Japanese and European premium brands perform strongly

One of the stories of 2012 was the determined bounceback of the Japanese brands in the US market, coming off the supply shortages and difficulties they experienced in 2011. The Japanese brands were up 20% in 2012. 

The outlook is for competitive conditions to remain tough, according to LMC's Jeff Shuster. "The competition will be extremely tough and the revitalised Detroit makers, and others, will be determined to hang on to as much share as they can.” The Japanese OEMs will be looking to maintain momentum in 2013, especially given ongoing problems in China. They will also be helped in the US by the recent weakness of the yen. Volkswagen, a strong performer in 2012 (boosted by the success of the Passat) will also be eyeing further volume growth.

It is also worth noting that several full year sales records were set in 2012, especially in the premium segment where Audi, BMW, Mercedes-Benz and Porsche all set new annual benchmarks. Subaru, Hyundai and Kia did the same among the mainstream brands. All three Detroit companies were in positive territory last year. Chrysler reported the largest gains for both periods while Ford delivered on its boast that it would be the only brand to bring in more than 2m sales. GM increased incentives to ease a glut of full-size pickups. 

Analyst takes on manufacturer performances and prospects:


"Chrysler's momentum in 2012 was one of the industry's top stories. It was the only major American automaker to grow market share last year and its new Ram trucks are proving to be a hit with both critics and shoppers. Even its underperforming Dodge Dart finally gained a little traction by the end of the year. But now that Chrysler has set a higher bar, it will be much more difficult to repeat its performance in 2013. Don't expect too many more headlines of double-digit growth for Chrysler in the coming months." - Sr. Analyst Michelle Kreb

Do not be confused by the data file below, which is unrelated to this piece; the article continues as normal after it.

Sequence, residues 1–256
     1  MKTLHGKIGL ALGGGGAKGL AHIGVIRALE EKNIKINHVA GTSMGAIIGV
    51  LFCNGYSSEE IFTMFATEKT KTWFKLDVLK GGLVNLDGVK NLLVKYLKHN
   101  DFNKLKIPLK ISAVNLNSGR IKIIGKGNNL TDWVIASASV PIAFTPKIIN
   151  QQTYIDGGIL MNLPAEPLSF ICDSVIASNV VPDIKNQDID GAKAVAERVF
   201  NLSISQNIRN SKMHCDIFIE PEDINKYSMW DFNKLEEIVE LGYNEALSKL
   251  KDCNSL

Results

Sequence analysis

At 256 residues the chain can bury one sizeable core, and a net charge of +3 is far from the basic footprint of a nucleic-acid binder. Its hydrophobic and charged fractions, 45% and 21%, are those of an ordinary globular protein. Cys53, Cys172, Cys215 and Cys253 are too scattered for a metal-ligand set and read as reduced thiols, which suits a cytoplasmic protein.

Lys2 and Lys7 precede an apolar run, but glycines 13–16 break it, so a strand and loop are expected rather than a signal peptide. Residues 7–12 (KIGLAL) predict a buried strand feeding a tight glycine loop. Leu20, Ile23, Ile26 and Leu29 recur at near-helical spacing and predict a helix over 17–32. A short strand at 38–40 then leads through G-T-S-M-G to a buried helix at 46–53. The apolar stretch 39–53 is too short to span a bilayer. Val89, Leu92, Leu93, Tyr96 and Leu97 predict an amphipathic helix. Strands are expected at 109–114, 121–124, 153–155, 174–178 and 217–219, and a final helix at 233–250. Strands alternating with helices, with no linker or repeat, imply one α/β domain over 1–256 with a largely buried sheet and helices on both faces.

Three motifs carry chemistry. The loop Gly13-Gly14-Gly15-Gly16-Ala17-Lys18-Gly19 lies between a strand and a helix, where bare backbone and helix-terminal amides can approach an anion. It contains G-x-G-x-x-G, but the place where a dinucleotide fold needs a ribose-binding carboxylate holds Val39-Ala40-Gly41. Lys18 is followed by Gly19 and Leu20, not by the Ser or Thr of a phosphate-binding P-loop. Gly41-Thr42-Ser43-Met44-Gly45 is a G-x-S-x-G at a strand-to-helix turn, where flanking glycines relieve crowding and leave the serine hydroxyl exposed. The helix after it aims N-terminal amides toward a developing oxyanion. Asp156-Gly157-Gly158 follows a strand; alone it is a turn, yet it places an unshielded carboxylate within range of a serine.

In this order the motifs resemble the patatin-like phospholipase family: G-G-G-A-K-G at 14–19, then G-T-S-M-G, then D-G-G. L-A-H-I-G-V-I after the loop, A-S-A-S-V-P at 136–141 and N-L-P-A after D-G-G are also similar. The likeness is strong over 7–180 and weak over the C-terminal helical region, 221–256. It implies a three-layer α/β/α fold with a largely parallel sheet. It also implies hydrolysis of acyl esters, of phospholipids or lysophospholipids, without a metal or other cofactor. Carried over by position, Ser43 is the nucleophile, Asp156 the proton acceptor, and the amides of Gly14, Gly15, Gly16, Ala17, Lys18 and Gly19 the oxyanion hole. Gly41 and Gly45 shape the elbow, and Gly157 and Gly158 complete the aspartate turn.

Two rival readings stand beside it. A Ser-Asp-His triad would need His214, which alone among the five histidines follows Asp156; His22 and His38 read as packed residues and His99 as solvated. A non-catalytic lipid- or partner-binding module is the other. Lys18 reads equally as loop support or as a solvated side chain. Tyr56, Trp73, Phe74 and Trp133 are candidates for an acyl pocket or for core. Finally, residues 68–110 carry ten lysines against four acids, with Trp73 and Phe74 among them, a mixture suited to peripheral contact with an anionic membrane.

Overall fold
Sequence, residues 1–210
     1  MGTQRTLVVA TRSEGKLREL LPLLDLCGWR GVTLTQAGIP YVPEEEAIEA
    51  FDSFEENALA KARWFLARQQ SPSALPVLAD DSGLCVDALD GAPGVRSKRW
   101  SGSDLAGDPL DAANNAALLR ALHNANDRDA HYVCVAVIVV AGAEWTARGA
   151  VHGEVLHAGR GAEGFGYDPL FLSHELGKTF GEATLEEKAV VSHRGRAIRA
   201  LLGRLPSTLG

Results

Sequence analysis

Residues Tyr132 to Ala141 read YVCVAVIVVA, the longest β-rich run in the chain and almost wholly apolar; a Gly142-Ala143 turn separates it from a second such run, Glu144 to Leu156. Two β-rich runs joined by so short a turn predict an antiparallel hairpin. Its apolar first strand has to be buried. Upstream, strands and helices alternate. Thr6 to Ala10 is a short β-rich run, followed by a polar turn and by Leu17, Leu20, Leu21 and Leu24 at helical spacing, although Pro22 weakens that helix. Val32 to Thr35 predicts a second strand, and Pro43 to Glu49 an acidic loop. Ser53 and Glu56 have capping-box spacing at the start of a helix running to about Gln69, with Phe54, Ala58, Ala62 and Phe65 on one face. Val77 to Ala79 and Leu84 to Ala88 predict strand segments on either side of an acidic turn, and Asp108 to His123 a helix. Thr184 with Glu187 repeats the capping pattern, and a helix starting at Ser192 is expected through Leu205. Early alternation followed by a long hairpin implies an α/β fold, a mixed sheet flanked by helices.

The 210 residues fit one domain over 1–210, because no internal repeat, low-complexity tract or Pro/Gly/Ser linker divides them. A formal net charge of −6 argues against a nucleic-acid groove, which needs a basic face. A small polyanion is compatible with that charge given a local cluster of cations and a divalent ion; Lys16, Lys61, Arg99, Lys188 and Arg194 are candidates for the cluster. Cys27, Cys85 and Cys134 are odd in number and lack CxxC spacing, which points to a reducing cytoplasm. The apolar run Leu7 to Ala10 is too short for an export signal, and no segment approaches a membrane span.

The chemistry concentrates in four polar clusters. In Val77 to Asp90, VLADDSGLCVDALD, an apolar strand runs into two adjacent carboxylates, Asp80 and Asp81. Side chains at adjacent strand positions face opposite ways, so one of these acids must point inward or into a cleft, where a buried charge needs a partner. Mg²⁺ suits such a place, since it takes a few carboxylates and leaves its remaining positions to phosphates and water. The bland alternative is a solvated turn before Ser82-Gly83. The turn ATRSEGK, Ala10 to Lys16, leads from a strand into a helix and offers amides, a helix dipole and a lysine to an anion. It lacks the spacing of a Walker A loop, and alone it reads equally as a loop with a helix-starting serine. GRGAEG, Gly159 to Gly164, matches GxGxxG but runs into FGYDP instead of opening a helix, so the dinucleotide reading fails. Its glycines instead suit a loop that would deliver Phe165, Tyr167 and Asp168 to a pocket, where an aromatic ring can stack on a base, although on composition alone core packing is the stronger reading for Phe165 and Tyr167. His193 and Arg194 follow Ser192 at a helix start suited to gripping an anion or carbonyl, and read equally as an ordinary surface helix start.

"Ford can once again hold up the F-Series as the best-selling truck in 2012, but its dominance slowed noticeably by the end of the year. F-Series sales were virtually flat in December, and Ford's truck sales overall were down more than seven percent. Stronger competition from Chevy and Ram is making Ford look a little less invincible these days." - Sr. Analyst Michelle Kreb


"In a strong year for the auto industry overall, GM struggled to hold up its end in 2012. Its year-over-year growth is well under the industry average, and the company couldn't hold on to market share gains it enjoyed in 2011. The biggest disappointment is Cadillac, which was GM's only brand to report fewer year-over-year sales. But GM's weakness in 2012 may well prove to be its strength in 2013; Cadillac should have a stronger year this year with the help of its newest products. The new XTS and ATS already made up nearly one third of Cadillac sales in December."  - Sr. Analyst Jessica Caldwell


"When you consider just how far Honda fell in 2011 following the Japanese earthquake and tsunamis, 2012 has to be considered a success. The company's resilience is a testament to its customer loyalty: almost two-thirds of every person trading in a Honda in 2012 bought another one. The Civic, Accord and CR-V show no signs of slowing down and Honda will continue to rely on this holy triumvirate as it works to move closer to its peak market share levels from just a few years ago." - Sr. Analyst Michelle Kreb


"Nissan crossed the one million vehicle threshold in the U.S. for the first time ever in 2012, and that's certainly a big deal. But it would be dangerous for Nissan to overlook that it still lost market share, even though it was the only Big Six automaker to boost incentives in 2012. Nissan has a hit with the new Altima, and the Versa and Rogue are emerging as real players in their segments, and those are all important vehicles to buttress the company's market share in 2013." - Sr. Analyst Jessica Caldwell


"Toyota had the biggest year-over-year gains of any Big Six manufacturer, which just adds more evidence that its unintended acceleration issues are officially in the rear view mirror. Fresh products like the all-new RAV4 due out later this month should help to keep the momentum going. And Toyota's line of Priuses should only get more popular as the hybrid and electric market steadily gains more steam." - Sr. Analyst Jessica Caldwell